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Impact of Religion on The Royal Supremacy

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Although the desire to reform religion played some role in the creation of the legislation for Royal Supremacy, it was not a primary motivation – instead this was focused on Henry’s need to annul his marriage to Catherine of Aragon. This would permit him to marry Anne Boleyn, as he believed he could acquire his male heir through this new mistress of his. While MPs passing the legislation may have used their influence in order to reform religion and Henry would have welcomed the new enhancement of his own power, ultimately it was motivated by the need for the annulment.

Whilst a desire to reform religion was not the main motivating factor behind the Acts establishing the Royal Supremacy it still may have been a consideration. Sources A and B describe the existence of anticlericalism in England although historians are divided on how extensive it was. Rosman argues there was ‘little evidence of much opposition to the existence of the clergy as such’ but does suggest that the higher clergy were a source of complaint as were those clergy who failed to live up to the ‘ideals’ of what a priest should be. Simon Fish supports this view by providing a list of anticlerical complaints which point to ways in which the clergy were acting as ‘hungry wolves’ exploiting the very people they were supposed to help. Whilst the existence of a desire to reform the behaviour of the clergy is not in doubt, it does not seem to have been a motive of Henry’s in establishing the Royal Supremacy as none of the Acts were specifically aimed at reforming religion. However, we know that some MPs did have anticlerical views and it is possible that in passing the Acts they hoped that as the new leader of the Church in England Henry would reform the abuses of the clergy.

While power is not the most important factor regarding the establishment of the Royal Supremacy, it also may have been seriously considered. Rosman states that ‘given its power, the Church was bound to be the focus of resentment’. This is backed up by Fish who wrote to Henry that the church ‘suck all rule [and] power’ from him, both here referencing how the Church is a very powerful force. These views highlight the might of the Church at the time and see it as an opposing force to Henry, showing how they have ‘the best lands’ and ‘authority’, rights which should belong to Henry. Henry believed he was an ‘Imperial King’, therefore he would have hated anything that took power from him or whose power rivalled his own. Therefore he would have wanted to claim the power of the Church for his own. However, the original legislation was created not to draw power from the Church, but to earn him his annulment. This desire for a male heir drove him, making him desperate to divorce the wife who he believed could bear him no son (due to God’s judgement of them). Although important, power was only the means by which achieving this annulment, therefore a method as opposed to a motive.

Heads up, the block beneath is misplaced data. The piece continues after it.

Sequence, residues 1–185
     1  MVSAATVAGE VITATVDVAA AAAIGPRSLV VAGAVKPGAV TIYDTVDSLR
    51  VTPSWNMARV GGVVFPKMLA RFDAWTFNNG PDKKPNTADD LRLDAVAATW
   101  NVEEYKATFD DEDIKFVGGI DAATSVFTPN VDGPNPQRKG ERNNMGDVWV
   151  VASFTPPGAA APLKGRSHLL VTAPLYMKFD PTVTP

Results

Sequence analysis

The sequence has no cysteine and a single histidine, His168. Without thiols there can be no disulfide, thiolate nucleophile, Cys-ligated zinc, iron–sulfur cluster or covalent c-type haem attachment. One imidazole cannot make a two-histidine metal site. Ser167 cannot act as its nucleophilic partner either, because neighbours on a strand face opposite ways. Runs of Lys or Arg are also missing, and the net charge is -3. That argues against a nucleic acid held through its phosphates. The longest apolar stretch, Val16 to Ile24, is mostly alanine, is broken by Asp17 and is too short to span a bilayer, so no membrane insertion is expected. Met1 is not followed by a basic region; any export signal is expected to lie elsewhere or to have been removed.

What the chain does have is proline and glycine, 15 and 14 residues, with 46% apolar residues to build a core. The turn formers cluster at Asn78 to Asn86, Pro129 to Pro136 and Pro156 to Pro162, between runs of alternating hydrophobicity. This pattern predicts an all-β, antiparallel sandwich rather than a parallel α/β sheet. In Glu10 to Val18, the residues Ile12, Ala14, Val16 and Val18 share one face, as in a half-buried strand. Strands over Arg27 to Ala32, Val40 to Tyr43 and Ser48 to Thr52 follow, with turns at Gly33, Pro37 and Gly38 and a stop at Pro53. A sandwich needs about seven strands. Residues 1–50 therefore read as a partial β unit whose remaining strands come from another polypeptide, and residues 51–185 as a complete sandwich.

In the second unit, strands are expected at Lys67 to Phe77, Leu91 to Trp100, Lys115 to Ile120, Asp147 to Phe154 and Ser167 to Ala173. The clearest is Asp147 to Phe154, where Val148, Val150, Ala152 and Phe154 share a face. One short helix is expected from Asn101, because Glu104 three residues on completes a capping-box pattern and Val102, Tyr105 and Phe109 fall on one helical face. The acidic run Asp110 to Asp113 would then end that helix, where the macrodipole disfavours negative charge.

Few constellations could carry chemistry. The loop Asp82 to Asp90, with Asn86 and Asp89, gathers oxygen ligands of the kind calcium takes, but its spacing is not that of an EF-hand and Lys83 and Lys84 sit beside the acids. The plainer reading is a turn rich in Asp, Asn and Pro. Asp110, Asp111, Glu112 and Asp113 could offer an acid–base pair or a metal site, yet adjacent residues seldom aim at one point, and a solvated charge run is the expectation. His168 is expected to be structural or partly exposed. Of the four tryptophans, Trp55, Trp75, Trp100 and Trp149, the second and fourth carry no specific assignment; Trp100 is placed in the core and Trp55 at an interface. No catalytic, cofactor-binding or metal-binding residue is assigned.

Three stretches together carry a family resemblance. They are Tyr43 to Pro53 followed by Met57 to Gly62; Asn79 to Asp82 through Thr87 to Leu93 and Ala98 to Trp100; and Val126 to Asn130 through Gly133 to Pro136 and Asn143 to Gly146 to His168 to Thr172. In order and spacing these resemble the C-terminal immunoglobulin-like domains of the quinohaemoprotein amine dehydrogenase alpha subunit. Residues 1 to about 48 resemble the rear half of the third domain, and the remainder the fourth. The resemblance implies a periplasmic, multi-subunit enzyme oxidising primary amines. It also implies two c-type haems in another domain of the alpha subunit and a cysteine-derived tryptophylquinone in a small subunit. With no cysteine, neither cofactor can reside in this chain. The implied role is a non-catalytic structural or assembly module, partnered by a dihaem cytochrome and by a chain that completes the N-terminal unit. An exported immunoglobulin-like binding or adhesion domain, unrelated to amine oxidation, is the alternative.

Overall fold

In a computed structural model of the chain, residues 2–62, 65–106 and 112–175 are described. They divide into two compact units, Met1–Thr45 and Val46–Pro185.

The most important motive for creating the Royal Supremacy was the need for an annulment with Catherine of Aragon, driven by Henry’s unyielding quest for a male heir. Source C is the only one which mentions Henry’s chase for the divorce. Bernard explains how the Acts of Succession and Supremacy ‘dealt directly with the King’s divorce’. In addition, the Act of Succession ‘dealt with the consequences of the King’s divorce at his death’ – this proves that the Acts were all revolved around receiving this annulment, and that neither power nor a desire to reform religion were truly at the heart of it. Henry was very young in the Tudor dynasty and needed a male heir in order to secure his family. This desire was what defined his every action, as he felt that God was punishing him for taking his brother’s widow by not allowing him a son. Therefore he believed the only way to birth one was to annul his marriage to Catherine of Aragon, which is the entire reason he begins his journey of legislation. Every single one of the Acts is focused on getting the annulment, and the other ‘motives’ are little than fringes. Power was simply a method with which to achieve this, and the desire to reform religion was not Henry’s own aim, though it may have been influenced by MPs who did seek religious reformation.

Therefore it is clear that the need for an annulment was the key motivating factor behind the legislation creating the Royal Supremacy – Henry desperately needed a male heir to secure his dynasty (being only the second in the so-far dubious Tudor line) and felt that God would not permit him a son with Catherine. Although the MPs passing the legislation may have sought to bring about religious reform due to the massive power and trade-interference of the Church, Henry was main man of the process, subsequently these ideals would have periphery. And despite power being very appealing to Henry, it was merely a fringe benefit which later became an ambition, but no more key than the desire to reform religion.

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Impact of Religion on the Royal Supremacy. (2019, September 13). GradesFixer. Retrieved January 16, 2022, from
“Impact of Religion on the Royal Supremacy.” GradesFixer, 13 Sept. 2019,
Impact of Religion on the Royal Supremacy. [online]. Available at: <> [Accessed 16 Jan. 2022].
Impact of Religion on the Royal Supremacy [Internet]. GradesFixer. 2019 Sept 13 [cited 2022 Jan 16]. Available from:
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